32-bit server editions of windows can actually use up to 128GB (Win2k3 x86 Datacenter edition) so technically 32-bit Windows CAN use more than 4GB of memory (as implied by pallesenw).
Memory Limit – Windows Server 2003 | SQL Server Training
Pushing the Limits of Windows: Physical Memory - Mark's Blog - Site Home - TechNet Blogs

The reason it is not supported in end-user versions of the 32-bit operating systems is mainly due to drivers from my understanding. Poor nvidia and creative drivers back in the day.
On consumer versions of Windows, PAE not used for memory. DEP (Data Execution Prevention) and a couple other tricks, yes. But not for memory.

The way it works for Memory is it allows an added table the OS can use to add the “same” address in more than one place. Think of this as adding a "street name" to your "address". 1234567890 on table A is not the same as 1234567890 on table B. The limitation is that this *must* be provided for in your programs and drivers in order to work. If your mailman only looks at the '1234567890' but never looks at the street name, then he can and will sometimes deliver a letter to the wrong place. The same thing is true of PAE - If/when then individual program haven’t been coded to look in multiple tables for the needed memory locations in addition to the numerical addresses, messages can and will often go to the wrong place. In Windows, this is a called a “memory access violation”, and results in a blue screen. Additionally, individual programs under PAE can still only use up to 4 GB. Kernels and drivers can be made aware of PAE, but they can still only use 4 GB ranges at a time.

In short: PAE is not that great. In a server environment the number/version/type of programs and drivers can be tightly controlled, so this works and so this functionality is available on server versions of 32 bit Windows (NT, 2003, 2006, etc). In a consumer environment, this is not true at all.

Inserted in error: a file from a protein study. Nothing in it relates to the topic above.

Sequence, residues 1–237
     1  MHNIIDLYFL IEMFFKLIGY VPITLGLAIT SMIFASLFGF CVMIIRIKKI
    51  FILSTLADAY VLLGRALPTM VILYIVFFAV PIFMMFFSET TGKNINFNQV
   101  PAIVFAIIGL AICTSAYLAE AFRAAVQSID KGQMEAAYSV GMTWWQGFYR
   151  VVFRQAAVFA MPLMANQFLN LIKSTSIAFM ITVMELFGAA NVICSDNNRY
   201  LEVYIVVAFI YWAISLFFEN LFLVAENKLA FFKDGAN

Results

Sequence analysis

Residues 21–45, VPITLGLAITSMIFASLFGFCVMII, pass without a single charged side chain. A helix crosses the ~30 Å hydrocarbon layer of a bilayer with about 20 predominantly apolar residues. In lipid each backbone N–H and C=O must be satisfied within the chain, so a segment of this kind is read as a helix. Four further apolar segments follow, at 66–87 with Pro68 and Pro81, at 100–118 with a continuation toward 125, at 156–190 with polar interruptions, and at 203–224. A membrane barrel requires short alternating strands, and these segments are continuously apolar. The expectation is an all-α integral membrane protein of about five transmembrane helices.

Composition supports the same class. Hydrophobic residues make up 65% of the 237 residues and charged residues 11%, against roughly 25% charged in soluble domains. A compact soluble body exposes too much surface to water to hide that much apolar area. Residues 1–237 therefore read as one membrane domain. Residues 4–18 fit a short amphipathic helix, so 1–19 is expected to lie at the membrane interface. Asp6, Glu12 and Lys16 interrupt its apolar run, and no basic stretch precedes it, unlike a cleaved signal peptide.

Bottom line for ‘regular’ users: If you want to use 4 GB of RAM or more, then you should buy 64-bit hardware and use a 64-bit OS.
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19 Apr 2011   #18

Windows
 
 

Well, technically the above post is not very accurate. Memory is virtualized no matter what mode you are running in, so every application has the same addresses.

PAE adds some addressing bits to the physical address.
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19 Apr 2011   #19

Windows 8.1 Pro x64
 
 

Quote   Quote: Originally Posted by pallesenw View Post
Well, technically the above post is not very accurate. Memory is virtualized no matter what mode you are running in, so every application has the same addresses.

PAE adds some addressing bits to the physical address.
Physical Address Extension (Windows)

PAE is not recommended for home/casual users, because of potential driver issues.
My System SpecsSystem Spec
19 Apr 2011   #20

Windows
 
 

I know about the reasons Microsoft give.

Just to make an edit: PAE is recommended, because DEP depends on it. Addresses above 4G are just not made to use.
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 Cant Enable PAE mode